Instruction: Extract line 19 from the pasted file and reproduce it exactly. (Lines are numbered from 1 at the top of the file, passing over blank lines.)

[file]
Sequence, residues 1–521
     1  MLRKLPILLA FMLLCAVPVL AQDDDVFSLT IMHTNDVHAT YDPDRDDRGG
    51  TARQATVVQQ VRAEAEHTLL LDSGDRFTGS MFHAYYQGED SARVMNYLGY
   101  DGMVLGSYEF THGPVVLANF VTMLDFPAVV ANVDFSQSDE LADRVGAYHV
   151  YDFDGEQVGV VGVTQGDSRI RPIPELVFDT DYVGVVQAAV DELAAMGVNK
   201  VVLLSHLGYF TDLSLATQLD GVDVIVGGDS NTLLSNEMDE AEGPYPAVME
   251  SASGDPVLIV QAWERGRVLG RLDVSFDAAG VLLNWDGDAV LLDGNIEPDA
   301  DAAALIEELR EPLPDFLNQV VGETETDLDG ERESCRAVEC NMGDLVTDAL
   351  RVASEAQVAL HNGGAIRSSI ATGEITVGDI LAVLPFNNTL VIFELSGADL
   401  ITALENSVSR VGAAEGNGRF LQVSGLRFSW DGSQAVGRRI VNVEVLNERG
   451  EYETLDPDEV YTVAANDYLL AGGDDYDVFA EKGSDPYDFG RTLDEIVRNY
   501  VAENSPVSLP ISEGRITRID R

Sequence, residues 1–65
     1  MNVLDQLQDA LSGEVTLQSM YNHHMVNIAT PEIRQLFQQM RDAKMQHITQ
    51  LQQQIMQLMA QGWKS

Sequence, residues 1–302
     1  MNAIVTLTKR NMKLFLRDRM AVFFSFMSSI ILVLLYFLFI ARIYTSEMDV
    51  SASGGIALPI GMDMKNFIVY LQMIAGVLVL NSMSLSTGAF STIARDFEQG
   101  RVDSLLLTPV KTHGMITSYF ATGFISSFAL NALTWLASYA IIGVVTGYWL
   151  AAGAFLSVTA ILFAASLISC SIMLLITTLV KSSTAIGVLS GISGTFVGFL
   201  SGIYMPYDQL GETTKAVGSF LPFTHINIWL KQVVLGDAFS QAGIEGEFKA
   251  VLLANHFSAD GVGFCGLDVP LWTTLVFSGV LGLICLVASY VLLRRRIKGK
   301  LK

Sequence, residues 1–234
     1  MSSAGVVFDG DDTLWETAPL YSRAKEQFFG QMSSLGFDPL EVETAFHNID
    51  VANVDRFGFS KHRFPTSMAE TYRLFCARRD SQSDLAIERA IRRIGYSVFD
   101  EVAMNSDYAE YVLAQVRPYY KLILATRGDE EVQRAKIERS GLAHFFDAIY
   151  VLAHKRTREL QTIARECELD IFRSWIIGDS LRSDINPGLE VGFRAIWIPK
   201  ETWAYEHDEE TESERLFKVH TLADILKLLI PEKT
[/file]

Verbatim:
   101  RVDSLLLTPV KTHGMITSYF ATGFISSFAL NALTWLASYA IIGVVTGYWL